Pedro R. Lowenstein, MD, Ph.D. is a Professor of Neurosurgery and Cell and Developmental Biology at the University of Michigan. He received his M.D./Ph.D. from the School of Medicine, University of Buenos Aires, Argentina. The focus of his research program is to discover the cellular, molecular, and mathematical basis underlying the growth patterns of malignant brain tumors, and the interactions between cancer cells with the tumor microenvironment, in both experimental models and in human patients. Another focus of his research program aims to harness the new information obtained on the mechanisms of tumor growth for therapeutic intent. Specifically, he will utilize nanoparticles targeted to peri-tumoral blood vessels to block GBM invasion. Recent work discovered that both rodent and human glioma cells and glioma stem cells disperse from the primary tumor inoculum by growing along peri-tumoral blood vessels. We predict that eliminating the vessels which support GBM growth and invasion will elicit long term survival of tumor bearing animal, and thus, this approach could become a future therapy for GBM. The long term goal will be to translate this strategy into early phase clinical trials. In this regard, Dr. Lowenstein’s pioneering work in gene therapy for glioblastoma multiforme has been approved by the FDA and a Phase I clinical trial will commence at the University of Michigan imminently.
Areas of Interest
- High-Grade Gliomas
- Antigen Processing/Presentation
- Cell Homing/Trafficking
- Cytokine Networks
- Innate Immunity
- T-Cell Activation
- Viral Infections in the Brain
- Gene Delivery
- Diffuse Intrinsic Pontine Glioma (DIPG)
- Cell Signaling
- Immune Suppression
- T-Cell Biology
- Animal Models of Disease
- Vaccine Development
- Gene Therapy
The focus of Dr. Lowenstein's research program is to discover the cellular, molecular, and mathematical basis underlying the growth patterns of malignant brain tumors, the molecular and cellular mechanisms that mediate tumor immune escape and the interactions between cancer cells with the tumor microenvironment, in both experimental models and in human patients suffering from malignant brain tumors. His group has shown that galectin-1 knockdown in cancer cells causes the eradication of intracranial glioma in RAG1-/- mice lacking mature B- and T-cells by sensitizing tumor cells to NK cytotoxicity. Conversely, in NK cell depleted RAG1-/- mice, and severely immunocompromised NOD-scid IL2Rg null mice, galectin-1 deficient glioma cells progress killing the host with 100% efficiency. C57BL/6J mice with intact B- and T-cells enable galectin-1 deficient glioma growth only when NK cells are depleted. The data indicate that adaptive immunity is not required for galectin-1 deficient glioma rejection. Investigation is underway into therapeutic galectin-1 suppression to improve outcomes in patient survival by heightening NK immune surveillance.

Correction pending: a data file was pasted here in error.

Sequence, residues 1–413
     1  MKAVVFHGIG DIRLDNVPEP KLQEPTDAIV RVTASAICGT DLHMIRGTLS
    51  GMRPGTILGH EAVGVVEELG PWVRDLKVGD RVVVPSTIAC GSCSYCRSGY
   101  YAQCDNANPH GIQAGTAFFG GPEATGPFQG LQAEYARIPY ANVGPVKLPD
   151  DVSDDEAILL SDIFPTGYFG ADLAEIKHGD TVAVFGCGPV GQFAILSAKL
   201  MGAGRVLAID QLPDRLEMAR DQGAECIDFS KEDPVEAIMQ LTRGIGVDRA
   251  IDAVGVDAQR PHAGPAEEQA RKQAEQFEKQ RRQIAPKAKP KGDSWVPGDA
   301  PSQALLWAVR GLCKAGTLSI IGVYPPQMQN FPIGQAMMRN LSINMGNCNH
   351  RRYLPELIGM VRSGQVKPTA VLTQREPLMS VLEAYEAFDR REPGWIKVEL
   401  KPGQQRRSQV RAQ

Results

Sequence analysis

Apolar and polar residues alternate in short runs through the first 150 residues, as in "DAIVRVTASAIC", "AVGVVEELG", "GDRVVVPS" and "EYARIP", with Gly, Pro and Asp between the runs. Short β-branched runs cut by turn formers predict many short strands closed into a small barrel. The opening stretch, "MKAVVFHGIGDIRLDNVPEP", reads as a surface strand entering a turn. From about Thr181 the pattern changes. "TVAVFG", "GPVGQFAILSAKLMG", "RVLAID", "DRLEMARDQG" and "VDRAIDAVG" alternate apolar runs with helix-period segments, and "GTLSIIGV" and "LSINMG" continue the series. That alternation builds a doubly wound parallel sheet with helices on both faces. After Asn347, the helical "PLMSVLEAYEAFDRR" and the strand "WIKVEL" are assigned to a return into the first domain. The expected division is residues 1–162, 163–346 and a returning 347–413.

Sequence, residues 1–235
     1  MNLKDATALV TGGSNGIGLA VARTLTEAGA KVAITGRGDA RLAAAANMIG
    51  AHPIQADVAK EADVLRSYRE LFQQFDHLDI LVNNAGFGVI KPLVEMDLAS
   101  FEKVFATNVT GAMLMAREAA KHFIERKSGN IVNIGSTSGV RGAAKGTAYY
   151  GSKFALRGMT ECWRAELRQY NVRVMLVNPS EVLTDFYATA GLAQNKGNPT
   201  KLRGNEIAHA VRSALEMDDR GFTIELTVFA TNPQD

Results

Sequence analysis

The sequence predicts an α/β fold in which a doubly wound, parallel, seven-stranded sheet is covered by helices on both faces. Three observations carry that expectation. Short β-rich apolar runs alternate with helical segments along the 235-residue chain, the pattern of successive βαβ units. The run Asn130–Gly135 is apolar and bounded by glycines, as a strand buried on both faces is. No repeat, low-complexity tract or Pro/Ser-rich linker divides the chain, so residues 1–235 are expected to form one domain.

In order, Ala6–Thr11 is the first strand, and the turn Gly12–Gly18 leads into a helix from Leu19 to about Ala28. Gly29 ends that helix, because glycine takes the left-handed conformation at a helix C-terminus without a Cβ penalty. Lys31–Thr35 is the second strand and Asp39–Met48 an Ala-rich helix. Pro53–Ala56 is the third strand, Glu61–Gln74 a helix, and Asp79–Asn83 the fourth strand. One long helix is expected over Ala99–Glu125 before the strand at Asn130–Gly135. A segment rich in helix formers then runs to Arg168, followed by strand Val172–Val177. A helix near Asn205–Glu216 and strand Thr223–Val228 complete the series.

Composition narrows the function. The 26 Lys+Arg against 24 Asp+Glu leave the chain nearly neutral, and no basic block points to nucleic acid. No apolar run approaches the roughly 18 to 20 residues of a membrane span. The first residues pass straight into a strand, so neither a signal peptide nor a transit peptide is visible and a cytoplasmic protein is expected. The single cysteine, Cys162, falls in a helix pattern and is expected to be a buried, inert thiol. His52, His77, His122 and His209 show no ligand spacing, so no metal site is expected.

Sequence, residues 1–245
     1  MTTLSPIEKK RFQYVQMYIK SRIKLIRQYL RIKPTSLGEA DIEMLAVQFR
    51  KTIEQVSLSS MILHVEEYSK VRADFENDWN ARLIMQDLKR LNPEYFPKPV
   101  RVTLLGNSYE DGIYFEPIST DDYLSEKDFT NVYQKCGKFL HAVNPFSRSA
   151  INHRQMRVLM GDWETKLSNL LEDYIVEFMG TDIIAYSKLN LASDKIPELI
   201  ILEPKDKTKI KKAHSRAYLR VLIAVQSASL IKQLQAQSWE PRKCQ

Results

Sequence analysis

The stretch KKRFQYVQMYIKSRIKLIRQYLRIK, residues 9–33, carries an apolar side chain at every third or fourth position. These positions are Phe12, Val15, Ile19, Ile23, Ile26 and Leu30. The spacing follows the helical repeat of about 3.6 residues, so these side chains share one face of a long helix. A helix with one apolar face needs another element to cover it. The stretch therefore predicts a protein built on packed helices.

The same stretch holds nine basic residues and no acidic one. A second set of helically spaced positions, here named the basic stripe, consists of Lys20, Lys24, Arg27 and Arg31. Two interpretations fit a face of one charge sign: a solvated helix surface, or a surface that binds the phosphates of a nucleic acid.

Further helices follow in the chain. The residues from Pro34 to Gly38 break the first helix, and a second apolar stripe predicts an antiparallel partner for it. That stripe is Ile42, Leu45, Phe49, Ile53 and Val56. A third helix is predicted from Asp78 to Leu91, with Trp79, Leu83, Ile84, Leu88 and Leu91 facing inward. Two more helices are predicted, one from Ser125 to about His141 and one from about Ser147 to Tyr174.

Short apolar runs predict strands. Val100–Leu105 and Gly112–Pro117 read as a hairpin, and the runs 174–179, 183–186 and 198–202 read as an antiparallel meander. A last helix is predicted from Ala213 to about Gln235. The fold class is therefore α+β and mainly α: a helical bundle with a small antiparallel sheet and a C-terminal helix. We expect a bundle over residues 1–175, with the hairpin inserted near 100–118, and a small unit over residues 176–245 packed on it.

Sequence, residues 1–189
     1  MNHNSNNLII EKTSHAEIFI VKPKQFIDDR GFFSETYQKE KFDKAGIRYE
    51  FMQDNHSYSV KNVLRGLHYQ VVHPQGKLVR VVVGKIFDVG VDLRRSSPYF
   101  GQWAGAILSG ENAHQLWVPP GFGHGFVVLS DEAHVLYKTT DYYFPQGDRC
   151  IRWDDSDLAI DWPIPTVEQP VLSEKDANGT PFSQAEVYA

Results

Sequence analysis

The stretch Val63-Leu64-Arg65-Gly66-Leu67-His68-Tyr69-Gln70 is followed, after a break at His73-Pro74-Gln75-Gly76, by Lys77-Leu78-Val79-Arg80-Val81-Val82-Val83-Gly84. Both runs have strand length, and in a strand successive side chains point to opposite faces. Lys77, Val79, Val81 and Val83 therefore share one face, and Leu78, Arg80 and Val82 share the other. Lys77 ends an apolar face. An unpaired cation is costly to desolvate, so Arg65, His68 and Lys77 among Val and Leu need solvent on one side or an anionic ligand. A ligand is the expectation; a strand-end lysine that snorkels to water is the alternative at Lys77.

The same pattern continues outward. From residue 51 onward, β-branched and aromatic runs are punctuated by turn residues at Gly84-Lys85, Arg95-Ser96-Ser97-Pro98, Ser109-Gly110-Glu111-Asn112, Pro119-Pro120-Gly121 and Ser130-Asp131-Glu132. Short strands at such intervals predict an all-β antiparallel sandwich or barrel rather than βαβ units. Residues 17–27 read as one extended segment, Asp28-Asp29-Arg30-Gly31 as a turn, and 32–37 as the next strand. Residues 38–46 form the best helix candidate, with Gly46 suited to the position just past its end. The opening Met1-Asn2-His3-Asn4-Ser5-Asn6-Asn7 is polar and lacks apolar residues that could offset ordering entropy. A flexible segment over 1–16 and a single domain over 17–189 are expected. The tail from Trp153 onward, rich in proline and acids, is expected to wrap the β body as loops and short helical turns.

Current Research Activity
- “Endogeous glioma models: use of lentivirus vectors to express genetic lesions encountered in human tumors: role in tumorigenesis, invasion and the immune microenvironment.”
- “Role of Galectin 1 signaling in glioma models: role in cancer cells’ invasion, tumor progression and NK cells’ mediated cytotoxicity.”
- “Human Glioblastoma Stem Cells: investigations in human GBM specimens and isolated human GBM stem cells in culture. Immune mediated mechanisms in GBM stem cells’ migration.”
- “Role of angiogenesis in brain tumor invasion and immune cell migration: molecular and cellular mechanisms”.
Honors & Awards
- Member, College of CSR Reviewers, Center for Scientific Review, National Institutes of Health, Bethesda, MD, from 2010.
- Richard Schneider Collegiate Professor of Neurosurgery, Department of Neurosurgery, University of Michigan, School of Medicine, October 2013.
- Co-Director of Neuro-Oncology Program, Rogel Cancer Center, University of Michigan, June 2015.
- Elected Fellow, The American Association for the Advancement of Science (AAAS), 2018.
- Elected Member, The Latin American Academy of Sciences (ACAL), Caracas, Venezuela, 2020.
M.D. (Cum laude), School of Medicine, University of Buenos Aires, Argentina, 1981
Ph.D. (Medical Sciences [Summa cum laude]) for thesis “Studies on the molecular basis of the mechanism of action of benzodiazepines in the pineal gland and the central nervous system”, School of Medicine, University of Buenos Aires, Argentina, 1984
Department of Psychiatry, The John Hopkins University School of Medicine, 1986
Medical Research Council (MRC) Research Scientist, MRC Anatomical Neuropharmacology Unit, Department of Pharmacology, Oxford University, United Kingdom, 1990
Education Council for Foreign Medical Graduates (ECFMG) Certification, USA, 1983
State of Michigan, Board of Pharmacy, Research Laboratory Controlled Substance License, 2013
A complete list of Dr. Lowenstein's grant support is located here.
A complete list of Dr. Lowenstein's recent publications is located here.